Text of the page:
Sciencemadness Discussion Board » Special topics » Technochemistry » Combining low voltage induction heaters? Select A Forum Fundamentals   » Chemistry in General   » Organic Chemistry   » Reagents and Apparatus Acquisition   » Beginnings   » Responsible Practices   » Miscellaneous   » The Wiki Special topics   » Technochemistry   » Energetic Materials   » Biochemistry   » Radiochemistry   » Computational Models and Techniques   » Prepublication Non-chemistry   » Forum Matters   » Legal and Societal Issues

Author: Subject: Combining low voltage induction heaters?
3DTOPO
Hazard to Self

Posts: 64
Registered: 14-2-2016
Member Is Offline

Mood: No Mood

Combining low voltage induction heaters?

Wow - induction heater technology has really dropped in price (I paid $400 for a 300 watt kit I never got around to assembling a few years ago). Here is a 1000w unit with work coil for$45:

http://www.ebay.com/itm/1000W-ZVS-Low-Voltage-Induction-Heat...

Is there anyway to combine these guys, perhaps with a plurality of work coils operating on the same inductor? Or could they be run in series or parallel? I just need more than 1000w and this would be amazing! Thanks!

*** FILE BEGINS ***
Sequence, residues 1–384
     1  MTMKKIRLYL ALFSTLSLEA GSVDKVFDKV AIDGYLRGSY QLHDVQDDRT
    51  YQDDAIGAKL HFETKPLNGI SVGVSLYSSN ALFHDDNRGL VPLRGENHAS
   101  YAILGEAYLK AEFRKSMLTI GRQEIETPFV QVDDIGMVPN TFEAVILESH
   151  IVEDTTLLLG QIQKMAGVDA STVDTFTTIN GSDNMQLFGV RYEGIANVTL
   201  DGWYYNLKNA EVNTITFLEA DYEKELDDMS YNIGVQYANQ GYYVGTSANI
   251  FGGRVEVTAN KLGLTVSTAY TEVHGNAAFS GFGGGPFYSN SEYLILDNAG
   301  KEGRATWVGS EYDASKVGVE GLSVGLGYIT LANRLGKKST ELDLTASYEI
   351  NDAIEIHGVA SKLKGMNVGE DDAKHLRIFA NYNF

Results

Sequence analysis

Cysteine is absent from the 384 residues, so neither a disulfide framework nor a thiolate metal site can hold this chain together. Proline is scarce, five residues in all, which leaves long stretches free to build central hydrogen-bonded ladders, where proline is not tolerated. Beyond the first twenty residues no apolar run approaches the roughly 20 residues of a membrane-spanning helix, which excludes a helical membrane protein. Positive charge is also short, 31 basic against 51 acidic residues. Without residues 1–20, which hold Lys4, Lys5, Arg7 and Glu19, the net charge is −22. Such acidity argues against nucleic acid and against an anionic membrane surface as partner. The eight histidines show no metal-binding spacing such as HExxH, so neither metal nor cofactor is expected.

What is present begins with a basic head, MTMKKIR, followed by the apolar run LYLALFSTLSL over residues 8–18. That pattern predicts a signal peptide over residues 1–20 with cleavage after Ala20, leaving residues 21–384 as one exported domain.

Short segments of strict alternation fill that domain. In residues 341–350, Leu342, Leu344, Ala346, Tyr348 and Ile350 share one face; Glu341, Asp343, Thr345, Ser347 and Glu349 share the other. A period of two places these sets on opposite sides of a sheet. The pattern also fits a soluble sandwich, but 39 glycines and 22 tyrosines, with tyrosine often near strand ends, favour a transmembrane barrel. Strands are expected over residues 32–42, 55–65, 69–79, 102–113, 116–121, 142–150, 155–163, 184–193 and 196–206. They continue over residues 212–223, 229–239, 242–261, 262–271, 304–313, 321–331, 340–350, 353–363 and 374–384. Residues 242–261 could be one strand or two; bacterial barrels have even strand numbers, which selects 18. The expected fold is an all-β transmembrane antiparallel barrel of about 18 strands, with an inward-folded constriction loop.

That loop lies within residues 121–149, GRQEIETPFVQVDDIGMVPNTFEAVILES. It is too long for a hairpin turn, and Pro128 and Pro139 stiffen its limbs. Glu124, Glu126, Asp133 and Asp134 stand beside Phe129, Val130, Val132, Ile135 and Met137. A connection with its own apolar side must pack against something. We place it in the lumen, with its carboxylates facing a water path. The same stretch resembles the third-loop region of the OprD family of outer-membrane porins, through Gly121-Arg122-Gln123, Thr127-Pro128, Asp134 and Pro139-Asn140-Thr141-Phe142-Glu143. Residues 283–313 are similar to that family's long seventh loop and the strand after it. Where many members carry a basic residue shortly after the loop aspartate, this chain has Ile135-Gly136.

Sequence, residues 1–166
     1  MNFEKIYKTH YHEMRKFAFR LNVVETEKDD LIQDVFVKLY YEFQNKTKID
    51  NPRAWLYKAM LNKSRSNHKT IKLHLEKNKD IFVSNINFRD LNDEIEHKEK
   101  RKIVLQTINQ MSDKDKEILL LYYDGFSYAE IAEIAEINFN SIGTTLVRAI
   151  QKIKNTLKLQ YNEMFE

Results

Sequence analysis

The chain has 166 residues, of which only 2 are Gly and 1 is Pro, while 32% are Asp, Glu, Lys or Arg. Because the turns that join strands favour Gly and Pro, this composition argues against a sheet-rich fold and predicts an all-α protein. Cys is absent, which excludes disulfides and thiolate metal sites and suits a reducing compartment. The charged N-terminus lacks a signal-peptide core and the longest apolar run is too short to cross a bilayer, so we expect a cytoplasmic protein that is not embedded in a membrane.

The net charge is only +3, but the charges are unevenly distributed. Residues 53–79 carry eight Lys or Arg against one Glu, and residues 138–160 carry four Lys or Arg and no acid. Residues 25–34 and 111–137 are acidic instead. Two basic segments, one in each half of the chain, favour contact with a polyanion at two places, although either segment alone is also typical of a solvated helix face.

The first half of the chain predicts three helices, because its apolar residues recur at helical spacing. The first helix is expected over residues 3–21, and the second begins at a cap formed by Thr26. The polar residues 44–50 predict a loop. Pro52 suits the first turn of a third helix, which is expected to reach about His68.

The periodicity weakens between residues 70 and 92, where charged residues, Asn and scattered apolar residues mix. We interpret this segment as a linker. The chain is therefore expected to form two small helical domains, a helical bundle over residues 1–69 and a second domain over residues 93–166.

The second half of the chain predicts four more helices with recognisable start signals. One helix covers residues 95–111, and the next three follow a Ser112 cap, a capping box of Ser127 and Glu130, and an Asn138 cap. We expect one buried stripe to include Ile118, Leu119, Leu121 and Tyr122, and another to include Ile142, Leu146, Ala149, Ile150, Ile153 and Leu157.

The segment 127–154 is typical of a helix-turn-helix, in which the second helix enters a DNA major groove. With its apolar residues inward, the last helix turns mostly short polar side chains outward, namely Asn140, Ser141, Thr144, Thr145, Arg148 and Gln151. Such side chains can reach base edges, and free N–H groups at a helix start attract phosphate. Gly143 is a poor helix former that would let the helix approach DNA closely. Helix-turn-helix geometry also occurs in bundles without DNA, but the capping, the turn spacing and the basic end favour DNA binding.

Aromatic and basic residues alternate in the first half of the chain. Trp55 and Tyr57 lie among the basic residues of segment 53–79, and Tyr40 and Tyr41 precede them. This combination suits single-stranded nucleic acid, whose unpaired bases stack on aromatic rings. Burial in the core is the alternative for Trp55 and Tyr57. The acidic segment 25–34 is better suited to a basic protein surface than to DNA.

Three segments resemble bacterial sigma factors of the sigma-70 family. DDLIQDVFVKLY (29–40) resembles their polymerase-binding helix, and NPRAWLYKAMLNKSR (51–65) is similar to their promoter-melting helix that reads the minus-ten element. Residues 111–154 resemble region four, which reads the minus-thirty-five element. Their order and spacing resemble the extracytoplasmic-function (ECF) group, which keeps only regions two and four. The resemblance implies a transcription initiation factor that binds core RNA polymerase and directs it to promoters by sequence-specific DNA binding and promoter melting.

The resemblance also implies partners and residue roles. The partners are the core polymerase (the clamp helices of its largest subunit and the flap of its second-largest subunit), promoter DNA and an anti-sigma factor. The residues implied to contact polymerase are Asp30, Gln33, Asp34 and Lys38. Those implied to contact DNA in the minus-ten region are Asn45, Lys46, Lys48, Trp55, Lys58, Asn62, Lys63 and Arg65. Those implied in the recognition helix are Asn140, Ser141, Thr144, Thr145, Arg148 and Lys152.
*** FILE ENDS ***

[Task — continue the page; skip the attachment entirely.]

Metacelsus
International Hazard

Posts: 2499
Registered: 26-12-2012
Location: Boston, MA
Member Is Offline

Mood: Double, double, toil and trouble

You'd need to figure out a way to make sure their phases match.

As below, so above.
3DTOPO
Hazard to Self

Posts: 64
Registered: 14-2-2016
Member Is Offline

Mood: No Mood

Can you think of any way it should theoretically be possible? Any neat tricks perhaps by plugging them into power in the same phase perhaps?

Do you think it would work without matching the phases at all, like at some loss, or would it likely damage the drivers?

What if I used a separate graphite tube (in a water-cooled fused quartz tube with argon atmosphere) for each one in close proximity to each other (perhaps with a zirconia spacer), each with their own driver and work coil (on the outside of the quartz tube)? I know, not the same as my question, but I think this could be doable for a vacuum furnace. So it would be like this:
_ == _ == _
@ $@$ @
¯ == ¯ == ¯
Where:

@ = graphite tube